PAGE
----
Training and Certification

Why You Should Use Anki Decks to Improve Learning

February 24, 2016

Guest Author

The number of acronyms, tools, terms, concepts, and everything else in the IT world can overwhelm anyone. Rather than taking the time to write out paper index cards, give Anki a chance. Anki decks take the index card approach and bring that to the desktop and mobile devices to make learning languages, vocabulary, and various subjects easier.

This article elucidates Anki’s purpose and its application of active recall testing (memorization) and spaced repetition to increase learning speed and accuracy.

What is Anki?

Anki is open source software designed to reduce study time and increase the amount learned. Anki employs active recall testing and spaced repetition. Anki boasts several advantages over other learning methods, such as:

  • Cross-platform compatible on Linux, Mac, and Windows
  • Mobile ready with iPhone and Android apps
  • Includes library of end-user created add-ons
  • Access to countless public shared decks for learning material on languages, law, science, math, and other subjects
  • Syncs across desktop and mobile devices with free web account

Active Recall Testing

According to the official Anki documentation, “we forget about 75% of learnt material within a 48 hour period”. Active recall testing entails asking a question and trying to remember the answer. This approach proves more effective than passive studying and it strengthens memory. Anki returns to cards with these question and answer pairs to repeat learning until you become proficient with the word/term/concept.

Spaced Repetition

This learning method stems from the spacing effect, which explains how individuals learn more effectively if the material and reviews are spread out over time.

Depending on the speed in which you answer questions, the software asks you to label cards as again (1 min delay), good (10 minute delay), or easy (4 day delay). Through the labeling process, the software prioritizes and schedules cards for review based on familiarity and the speed in which you answer questions.

How Anki Features Enhance Learning Retention

I’ll refrain from explaining the intricacies and differences between Anki formatting, cards, decks, fields, notes, and additional basics that are easy to pick up when using Anki. Instead it’s important to highlight the features which increase Anki’s effectiveness.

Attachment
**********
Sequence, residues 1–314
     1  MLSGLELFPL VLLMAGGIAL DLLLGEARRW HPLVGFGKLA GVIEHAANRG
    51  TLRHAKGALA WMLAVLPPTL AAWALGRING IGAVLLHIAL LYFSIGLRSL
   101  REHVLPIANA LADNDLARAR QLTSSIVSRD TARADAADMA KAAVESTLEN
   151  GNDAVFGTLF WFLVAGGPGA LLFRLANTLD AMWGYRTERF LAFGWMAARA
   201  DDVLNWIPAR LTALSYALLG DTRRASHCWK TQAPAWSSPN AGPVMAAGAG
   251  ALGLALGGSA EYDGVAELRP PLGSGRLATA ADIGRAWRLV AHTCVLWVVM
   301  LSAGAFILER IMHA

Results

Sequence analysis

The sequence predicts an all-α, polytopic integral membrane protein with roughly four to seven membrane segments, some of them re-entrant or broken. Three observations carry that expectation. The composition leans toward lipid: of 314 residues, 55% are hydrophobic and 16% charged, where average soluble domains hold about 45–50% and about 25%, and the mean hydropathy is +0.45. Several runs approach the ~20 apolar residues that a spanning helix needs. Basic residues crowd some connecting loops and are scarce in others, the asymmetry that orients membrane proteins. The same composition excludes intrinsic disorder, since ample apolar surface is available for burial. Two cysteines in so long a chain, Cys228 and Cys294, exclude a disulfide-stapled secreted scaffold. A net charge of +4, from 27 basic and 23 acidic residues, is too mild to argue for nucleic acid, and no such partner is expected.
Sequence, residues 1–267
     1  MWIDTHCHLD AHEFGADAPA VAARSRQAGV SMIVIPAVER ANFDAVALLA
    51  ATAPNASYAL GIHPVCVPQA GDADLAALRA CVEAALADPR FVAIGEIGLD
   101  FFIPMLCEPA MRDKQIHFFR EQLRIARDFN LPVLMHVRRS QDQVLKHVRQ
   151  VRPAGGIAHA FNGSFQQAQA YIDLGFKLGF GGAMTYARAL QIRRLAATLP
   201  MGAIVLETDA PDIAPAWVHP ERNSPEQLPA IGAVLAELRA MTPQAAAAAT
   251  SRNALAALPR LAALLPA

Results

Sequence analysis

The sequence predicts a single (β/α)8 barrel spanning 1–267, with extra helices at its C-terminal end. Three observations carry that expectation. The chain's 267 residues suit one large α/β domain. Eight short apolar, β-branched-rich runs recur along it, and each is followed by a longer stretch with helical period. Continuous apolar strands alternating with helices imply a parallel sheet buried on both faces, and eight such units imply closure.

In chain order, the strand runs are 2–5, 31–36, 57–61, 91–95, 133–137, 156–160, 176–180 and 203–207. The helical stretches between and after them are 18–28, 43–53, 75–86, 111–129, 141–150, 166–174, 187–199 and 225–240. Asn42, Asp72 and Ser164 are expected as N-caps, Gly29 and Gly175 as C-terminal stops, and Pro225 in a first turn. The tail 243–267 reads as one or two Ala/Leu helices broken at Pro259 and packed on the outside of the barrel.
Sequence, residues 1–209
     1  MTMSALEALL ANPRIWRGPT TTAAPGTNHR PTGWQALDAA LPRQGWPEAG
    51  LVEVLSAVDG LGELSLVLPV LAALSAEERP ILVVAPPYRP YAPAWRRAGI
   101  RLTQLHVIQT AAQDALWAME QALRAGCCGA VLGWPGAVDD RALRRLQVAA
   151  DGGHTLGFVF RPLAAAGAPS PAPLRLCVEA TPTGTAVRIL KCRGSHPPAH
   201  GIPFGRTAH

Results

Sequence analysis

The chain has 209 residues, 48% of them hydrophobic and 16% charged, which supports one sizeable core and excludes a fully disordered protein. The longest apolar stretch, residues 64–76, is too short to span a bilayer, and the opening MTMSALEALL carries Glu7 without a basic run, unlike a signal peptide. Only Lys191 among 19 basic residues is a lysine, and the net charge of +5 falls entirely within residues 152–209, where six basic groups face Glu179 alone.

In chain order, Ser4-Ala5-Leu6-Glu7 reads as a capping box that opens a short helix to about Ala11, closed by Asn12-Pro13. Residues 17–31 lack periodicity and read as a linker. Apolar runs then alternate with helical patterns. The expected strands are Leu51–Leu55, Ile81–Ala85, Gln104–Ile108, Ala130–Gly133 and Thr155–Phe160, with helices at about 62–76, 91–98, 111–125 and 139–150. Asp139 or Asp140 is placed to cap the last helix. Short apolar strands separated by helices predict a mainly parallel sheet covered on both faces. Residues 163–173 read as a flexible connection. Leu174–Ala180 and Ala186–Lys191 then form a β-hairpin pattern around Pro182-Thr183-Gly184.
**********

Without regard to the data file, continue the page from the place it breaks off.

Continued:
Anki is Content Agnostic – Use Text, Audio, Video, Images

The software enables the usage of text, audio, video, and image content. Every person learns in different ways (What is My Learning Style?). But the diversity of content (video, audio, images, text) strengthens your familiarity with the material.

Images associated with words work very well for learning. Many individuals first search YouTube for to learn about a variety of topics. Anki also supports personal audio recording and reading out loud options for text on cards. The ability to verbalize a word’s meaning or concept demonstrates understanding. Anki enables you centralize all of these content learning tools in one central location.

Anki Decks Sync Across Devices (Desktop, Tablet, Smartphone)

Free accounts on Anki web enable users to seamlessly sync user profiles and created decks across desktops, smartphones, and tablets.

Anki for iPhone and Android

Mobile versions of Anki exist on Android and iPhone devices. The process of composing large decks from a mobile device may seem time consuming, but syncing and adding shared public decks alleviates that concern.

Shared and Private Decks

Anki web access empowers users to add shared decks from a wealth of subject areas. This provides a simple and easy way to start using Anki. There’s significant value in creating your own cards because the process offers another opportunity to learn the content. However, adding excellent shared public decks is a wonderful supplement to the learning process.

The web account also permits sharing private decks with individuals or groups of people. This proves useful for classes or study groups who would want to share or compare notes, terms, and concepts. This option negates the labor involved with sending plain text files of decks and cards to friends (Anki requires plain text files for importing info into decks).

Adults find it increasingly difficult to set aside time for continued education. With tools such as Anki, the time issues seem less of a concern and turn into a feeble personal excuse. Consider how often you check entertaining apps on your smartphone. Dedicate half of that time to Anki and see what happens.

This article continues to build on a series highlighting various study and learning methods. The previous article focuses on active reading

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